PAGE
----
Johns Hopkins University Press, £23.99
Gene Jockeys explores the first medical biotechnology success stories, giving an insight into the people, techniques and politics that made them possible. It describes the biotech projects that led to five of the initial recombinant DNA drugs to gain medical approval in the US, drugs that continue to produce huge wealth for the biotechnology industry.
The tremendous progress made in molecular biology during the 20th century meant that when the science met the business world in the 1970s and 1980s, the biotech industry could take off. Techniques such as gel electrophoresis allowed rapid progress, and the political climate following World War II was conducive to research. Cold War ideologies in the US led to generous funding: science was seen as an example of free thought, which only the 'Free World' could offer.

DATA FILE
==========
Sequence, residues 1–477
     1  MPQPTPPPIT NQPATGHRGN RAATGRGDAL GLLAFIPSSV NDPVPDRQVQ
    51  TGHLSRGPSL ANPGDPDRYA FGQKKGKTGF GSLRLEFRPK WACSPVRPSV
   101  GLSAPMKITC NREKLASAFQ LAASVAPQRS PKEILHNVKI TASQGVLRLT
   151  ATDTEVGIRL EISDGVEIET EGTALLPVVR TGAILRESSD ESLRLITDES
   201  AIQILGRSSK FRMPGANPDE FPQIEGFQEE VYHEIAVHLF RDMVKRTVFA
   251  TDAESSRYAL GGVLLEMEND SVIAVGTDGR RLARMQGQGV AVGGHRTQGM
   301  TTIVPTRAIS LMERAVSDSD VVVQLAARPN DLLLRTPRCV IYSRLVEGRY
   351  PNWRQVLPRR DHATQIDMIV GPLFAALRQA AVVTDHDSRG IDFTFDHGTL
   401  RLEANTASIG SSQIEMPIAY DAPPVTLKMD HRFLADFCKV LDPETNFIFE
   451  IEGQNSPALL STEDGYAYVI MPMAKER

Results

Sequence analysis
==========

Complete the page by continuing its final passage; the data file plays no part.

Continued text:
The book is a very thorough study of the scientific and commercial journeys of these drugs, giving details about the science and the people behind them. Nicolas Rasmussen explores the attitudes of the time, many of which will be familiar today.
The scientists' self-promotion made promises about what biotech could offer medicine, while at the same time they warned of dangers of their techniques being misused. It is not surprising that the fear remained that governments could be attracted to the possibility of genetically engineering humans.
The level of detail provided in the book means this is not a casual read, but anyone interested in the history of modern biotech and the attitudes that shaped it will find valuable insights.